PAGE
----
Measurement
(HV30)
472
613
600
580
Prediction/
Measurement
1.30
1.24
1.11
1.24
Int. J. Mater. Res. (formerly Z. Metallkd.) 108 (2017) 2
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M. J. Peet et al.: Low-temperature transformation to bainite in a medium-carbon steel
(a)
Fig. 11. Hardness measurements for samples transformed at 163 8C for
different times (open circles) and also hardness via tempering time for
martensitic microstructure (filled circles).
4. It is possible to form a mixture of martensite and bainite
at temperatures just below MS but the transformation
rate observed was much slower than that just above MS .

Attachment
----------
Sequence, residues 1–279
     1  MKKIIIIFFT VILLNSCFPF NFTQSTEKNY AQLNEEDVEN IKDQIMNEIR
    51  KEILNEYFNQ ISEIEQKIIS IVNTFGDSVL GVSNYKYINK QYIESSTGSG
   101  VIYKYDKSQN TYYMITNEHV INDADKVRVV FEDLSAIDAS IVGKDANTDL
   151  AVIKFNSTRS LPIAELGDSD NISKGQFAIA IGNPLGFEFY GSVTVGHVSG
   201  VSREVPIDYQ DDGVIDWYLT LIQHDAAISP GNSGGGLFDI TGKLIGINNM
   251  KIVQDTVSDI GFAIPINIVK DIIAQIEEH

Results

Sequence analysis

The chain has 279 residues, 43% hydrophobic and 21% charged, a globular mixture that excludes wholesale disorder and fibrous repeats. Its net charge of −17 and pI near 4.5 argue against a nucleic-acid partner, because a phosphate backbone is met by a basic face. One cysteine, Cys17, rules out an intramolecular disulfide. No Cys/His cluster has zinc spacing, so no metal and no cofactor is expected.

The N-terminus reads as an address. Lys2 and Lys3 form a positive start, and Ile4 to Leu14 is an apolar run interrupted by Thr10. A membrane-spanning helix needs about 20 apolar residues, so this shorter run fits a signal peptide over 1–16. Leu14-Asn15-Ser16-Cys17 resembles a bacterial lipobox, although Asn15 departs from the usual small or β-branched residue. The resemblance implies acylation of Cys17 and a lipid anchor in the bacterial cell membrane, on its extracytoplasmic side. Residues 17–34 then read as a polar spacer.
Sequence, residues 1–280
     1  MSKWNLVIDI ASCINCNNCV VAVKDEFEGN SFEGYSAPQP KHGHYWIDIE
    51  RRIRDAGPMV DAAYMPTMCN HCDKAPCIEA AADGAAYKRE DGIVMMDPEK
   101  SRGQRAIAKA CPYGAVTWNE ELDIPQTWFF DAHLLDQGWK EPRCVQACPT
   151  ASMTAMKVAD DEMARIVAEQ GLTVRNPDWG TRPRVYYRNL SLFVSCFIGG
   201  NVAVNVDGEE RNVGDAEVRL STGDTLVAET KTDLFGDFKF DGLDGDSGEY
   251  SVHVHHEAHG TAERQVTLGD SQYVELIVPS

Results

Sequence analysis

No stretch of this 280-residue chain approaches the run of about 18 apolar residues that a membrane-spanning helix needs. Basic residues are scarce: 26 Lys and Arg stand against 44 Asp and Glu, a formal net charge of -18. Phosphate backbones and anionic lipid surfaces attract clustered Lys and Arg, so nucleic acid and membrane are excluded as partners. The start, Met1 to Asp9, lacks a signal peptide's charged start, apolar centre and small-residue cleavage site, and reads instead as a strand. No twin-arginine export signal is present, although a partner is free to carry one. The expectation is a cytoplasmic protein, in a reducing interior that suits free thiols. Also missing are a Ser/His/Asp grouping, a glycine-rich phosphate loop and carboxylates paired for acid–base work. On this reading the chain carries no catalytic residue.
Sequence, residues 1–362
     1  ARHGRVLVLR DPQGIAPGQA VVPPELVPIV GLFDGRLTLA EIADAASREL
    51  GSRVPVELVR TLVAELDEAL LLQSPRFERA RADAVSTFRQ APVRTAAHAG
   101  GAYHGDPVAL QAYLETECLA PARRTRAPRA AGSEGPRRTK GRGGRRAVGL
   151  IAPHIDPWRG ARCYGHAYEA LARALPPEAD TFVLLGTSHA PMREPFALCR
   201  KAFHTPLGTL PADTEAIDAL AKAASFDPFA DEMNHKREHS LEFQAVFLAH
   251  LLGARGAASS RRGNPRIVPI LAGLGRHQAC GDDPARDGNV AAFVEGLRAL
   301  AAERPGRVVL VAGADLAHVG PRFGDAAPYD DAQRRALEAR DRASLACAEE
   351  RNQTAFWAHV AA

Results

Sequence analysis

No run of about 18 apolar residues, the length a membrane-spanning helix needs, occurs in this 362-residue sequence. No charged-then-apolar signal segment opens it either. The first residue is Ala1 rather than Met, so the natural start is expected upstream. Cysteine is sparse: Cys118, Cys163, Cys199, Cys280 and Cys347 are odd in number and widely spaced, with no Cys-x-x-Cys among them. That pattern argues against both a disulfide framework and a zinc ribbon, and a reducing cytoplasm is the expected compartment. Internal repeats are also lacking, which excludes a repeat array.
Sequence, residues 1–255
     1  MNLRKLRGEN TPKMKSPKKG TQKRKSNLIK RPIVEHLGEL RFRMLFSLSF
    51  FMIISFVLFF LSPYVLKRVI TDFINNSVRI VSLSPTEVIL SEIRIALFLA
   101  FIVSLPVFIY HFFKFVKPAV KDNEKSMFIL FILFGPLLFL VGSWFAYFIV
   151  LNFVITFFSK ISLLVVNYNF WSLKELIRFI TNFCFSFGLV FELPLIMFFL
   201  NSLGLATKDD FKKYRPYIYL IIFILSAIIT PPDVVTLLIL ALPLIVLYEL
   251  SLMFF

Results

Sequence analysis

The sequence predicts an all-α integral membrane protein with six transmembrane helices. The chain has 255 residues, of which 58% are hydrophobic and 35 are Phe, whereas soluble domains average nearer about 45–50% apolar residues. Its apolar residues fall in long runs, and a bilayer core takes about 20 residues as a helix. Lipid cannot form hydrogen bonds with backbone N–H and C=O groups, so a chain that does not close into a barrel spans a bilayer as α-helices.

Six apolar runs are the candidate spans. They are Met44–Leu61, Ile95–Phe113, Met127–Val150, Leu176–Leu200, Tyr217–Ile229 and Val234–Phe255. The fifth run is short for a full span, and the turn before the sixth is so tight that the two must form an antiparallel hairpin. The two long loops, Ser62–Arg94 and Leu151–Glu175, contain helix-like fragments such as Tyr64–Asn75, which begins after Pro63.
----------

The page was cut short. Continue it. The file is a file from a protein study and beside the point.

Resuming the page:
The authors express their gratitude to the Scholars Rescue Fund of International Institute of Education in Washington DC for supporting
Hala Salman Hasan during her stay in Cambridge.
References
(b)
Fig. 9. (a) Dilatation curve for sample transformed at 163 8C for 10 h
before cooling to room temperature, compared to the dilatation curve
for a sample directly quenched to room temperature. (b) Volume fraction of primary martensite in the microstructure.
(a)
(b)
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(Received September 26, 2016; accepted November 22,
2016; online since January 11, 2017)
Correspondence address
Dr. Mathew J. Peet
University of Cambridge
Materials Science and Metallurgy
27 Charles Babbage Road
Cambridge, CB3 0FS
United Kingdom
Tel.: +44 1223334336
E-Mail: mathew@mathewpeet.org
Bibliography
DOI 10.3139/146.111461
Int. J. Mater. Res. (formerly Z. Metallkd.)
108 (2017) 2; page 89 – 98
# Carl Hanser Verlag GmbH & Co. KG
ISSN 1862-5282
Int. J. Mater. Res. (formerly Z. Metallkd.) 108 (2017) 2